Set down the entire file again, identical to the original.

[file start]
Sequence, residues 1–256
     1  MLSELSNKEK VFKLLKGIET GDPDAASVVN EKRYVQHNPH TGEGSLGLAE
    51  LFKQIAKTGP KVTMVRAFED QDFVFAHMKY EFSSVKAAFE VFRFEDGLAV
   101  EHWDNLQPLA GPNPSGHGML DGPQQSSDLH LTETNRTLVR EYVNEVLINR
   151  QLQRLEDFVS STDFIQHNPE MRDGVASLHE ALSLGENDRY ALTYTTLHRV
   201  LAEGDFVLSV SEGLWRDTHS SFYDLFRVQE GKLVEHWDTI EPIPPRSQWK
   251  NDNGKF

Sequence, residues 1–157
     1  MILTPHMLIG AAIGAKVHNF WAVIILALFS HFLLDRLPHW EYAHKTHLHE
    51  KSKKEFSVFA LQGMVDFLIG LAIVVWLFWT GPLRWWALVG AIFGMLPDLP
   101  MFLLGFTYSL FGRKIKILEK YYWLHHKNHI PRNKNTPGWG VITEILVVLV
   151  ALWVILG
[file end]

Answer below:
Sequence, residues 1–256
     1  MLSELSNKEK VFKLLKGIET GDPDAASVVN EKRYVQHNPH TGEGSLGLAE
    51  LFKQIAKTGP KVTMVRAFED QDFVFAHMKY EFSSVKAAFE VFRFEDGLAV
   101  EHWDNLQPLA GPNPSGHGML DGPQQSSDLH LTETNRTLVR EYVNEVLINR
   151  QLQRLEDFVS STDFIQHNPE MRDGVASLHE ALSLGENDRY ALTYTTLHRV
   201  LAEGDFVLSV SEGLWRDTHS SFYDLFRVQE GKLVEHWDTI EPIPPRSQWK
   251  NDNGKF

Sequence, residues 1–157
     1  MILTPHMLIG AAIGAKVHNF WAVIILALFS HFLLDRLPHW EYAHKTHLHE
    51  KSKKEFSVFA LQGMVDFLIG LAIVVWLFWT GPLRWWALVG AIFGMLPDLP
   101  MFLLGFTYSL FGRKIKILEK YYWLHHKNHI PRNKNTPGWG VITEILVVLV
   151  ALWVILG